Helping a Very Aggressive Jungle Python

Discussion in 'General Reptile Discussion' started by Rob Colbert, Apr 25, 2019.

  1. Rob Colbert

    Rob Colbert Not so new Member

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    Hi everyone, Well I decided to take on a challenge of acquiring a very aggressive Jungle Python. Approximately 4-5 years old.

    I'm not really looking for the reasons why he could be aggressive, but more so on some of your tips on how you have calmed down an aggressive snake.

    What methods you have tried with success.

    I have some of my own but I'm very interested in your ideas out in our Awesome Community at Aussie Pythons

    Regards Rob
     
  2. Barry

    Barry Not so new Member

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    More experienced people can answer this for you m8, but as long as the snake feels safe half the battle is won, good luck
     
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  3. Rob Colbert

    Rob Colbert Not so new Member

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    Thanks mate. I am yet to receive this Jungle.
    It was on Gumtree for free and I just wanted to help.
    I have handled snakes most of my adult life and am confident in working with aggressive snakes but it's always great to hear new methods.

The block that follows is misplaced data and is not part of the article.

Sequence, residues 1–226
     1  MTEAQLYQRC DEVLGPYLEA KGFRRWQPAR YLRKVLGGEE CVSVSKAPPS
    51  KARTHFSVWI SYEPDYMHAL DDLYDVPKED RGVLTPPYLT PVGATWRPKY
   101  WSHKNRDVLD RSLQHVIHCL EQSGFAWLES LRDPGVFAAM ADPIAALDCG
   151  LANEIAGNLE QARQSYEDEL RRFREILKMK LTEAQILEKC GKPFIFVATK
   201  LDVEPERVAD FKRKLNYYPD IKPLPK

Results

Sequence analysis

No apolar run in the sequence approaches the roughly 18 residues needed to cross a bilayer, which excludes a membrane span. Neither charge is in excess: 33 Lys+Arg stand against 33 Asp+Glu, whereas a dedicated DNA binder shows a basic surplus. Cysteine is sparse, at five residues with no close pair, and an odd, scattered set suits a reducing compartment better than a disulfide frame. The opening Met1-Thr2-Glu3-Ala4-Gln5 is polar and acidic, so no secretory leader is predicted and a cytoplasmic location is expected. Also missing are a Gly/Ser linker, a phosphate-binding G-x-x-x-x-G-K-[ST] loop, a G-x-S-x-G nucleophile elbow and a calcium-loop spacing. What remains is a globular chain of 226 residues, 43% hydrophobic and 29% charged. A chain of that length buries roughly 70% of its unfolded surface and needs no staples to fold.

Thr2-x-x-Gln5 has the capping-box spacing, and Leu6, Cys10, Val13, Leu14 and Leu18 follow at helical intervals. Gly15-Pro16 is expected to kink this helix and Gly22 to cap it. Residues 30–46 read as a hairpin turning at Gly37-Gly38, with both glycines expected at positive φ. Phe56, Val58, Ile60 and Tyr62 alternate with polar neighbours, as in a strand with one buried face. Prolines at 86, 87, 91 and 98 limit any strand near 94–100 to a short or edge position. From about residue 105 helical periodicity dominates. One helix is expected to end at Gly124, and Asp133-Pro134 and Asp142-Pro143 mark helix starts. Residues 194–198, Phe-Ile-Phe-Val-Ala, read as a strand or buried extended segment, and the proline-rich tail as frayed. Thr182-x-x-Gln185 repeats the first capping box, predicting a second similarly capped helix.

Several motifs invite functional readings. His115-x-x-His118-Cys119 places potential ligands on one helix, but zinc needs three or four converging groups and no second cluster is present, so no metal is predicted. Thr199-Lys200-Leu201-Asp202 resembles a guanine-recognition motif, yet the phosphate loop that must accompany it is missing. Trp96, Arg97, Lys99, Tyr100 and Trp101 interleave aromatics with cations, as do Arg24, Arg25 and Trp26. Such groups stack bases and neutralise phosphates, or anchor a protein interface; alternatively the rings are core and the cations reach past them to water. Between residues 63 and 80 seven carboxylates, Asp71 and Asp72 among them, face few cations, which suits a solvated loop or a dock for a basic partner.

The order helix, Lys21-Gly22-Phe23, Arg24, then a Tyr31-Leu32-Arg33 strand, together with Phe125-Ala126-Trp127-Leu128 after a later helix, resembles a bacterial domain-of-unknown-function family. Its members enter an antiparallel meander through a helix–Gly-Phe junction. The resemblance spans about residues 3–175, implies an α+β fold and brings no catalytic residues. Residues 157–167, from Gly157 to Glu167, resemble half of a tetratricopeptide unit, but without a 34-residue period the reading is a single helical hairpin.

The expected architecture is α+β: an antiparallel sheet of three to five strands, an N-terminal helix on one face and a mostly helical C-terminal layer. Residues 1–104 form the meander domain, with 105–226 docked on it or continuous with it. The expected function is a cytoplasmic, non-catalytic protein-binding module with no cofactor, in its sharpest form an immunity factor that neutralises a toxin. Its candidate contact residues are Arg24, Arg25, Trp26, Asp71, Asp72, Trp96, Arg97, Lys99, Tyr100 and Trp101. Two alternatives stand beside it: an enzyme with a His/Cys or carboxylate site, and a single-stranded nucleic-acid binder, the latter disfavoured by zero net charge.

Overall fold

Thanks again Barry
     
  4. LilithLeChat

    LilithLeChat Active Member

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    I’ll just paste my message to someone about how I dealt with my aggressive female bredli Gamora. She was 3.5 years old when I got her, never handled, apparently bred twice already!!! and riddled with mites. Having to treat her for mites made her attitude even worse, but once she was mite-free, it was time to start calming her down.

    Hook was a very important tool when taming Gamora. I started with rubbing my hands over it so my scent was on it, and letting Gamora sniff without touching her with it. I’d also talk to her very calmly while doing that.
    I’d also wear a hand towel next to my skin for a few hours, then put it in her enclosure to get her thoroughly used to my scent.
    When I thought she’s familiar with the hook and my scent, I started lightly touching her with it. At first she’d freak out, thrash around and try to get away from it, but eventually she stopped reacting. Once she accepted the touch, I started running the hook down her back and sides. Again same reaction, waited until she stopped reacting. Then I started touching her with my hand, making sure her head was in a position where she couldn’t whip around and bite me. Slowly, always talking to her, blowing towards her so she knew it’s me, it is now at the point I stroke her, wrap my fingers around her and lift her, and she tolerates all of it without defensiveness or panic. This took months, though.

    Still won’t try to pick her up and take her out of the enclosure, but I’m working on it. She’ll probably never be as calm and relaxed to handle as my yearling Diamond and hatchling Jungle.


    Sometimes I use the hook upside down just behind her head, just lightly touching, but so it forms a hoop behind her head and she can’t whip around. It’s loose enough that she can wriggle out backwards, but it slows her down so she can’t strike too fast.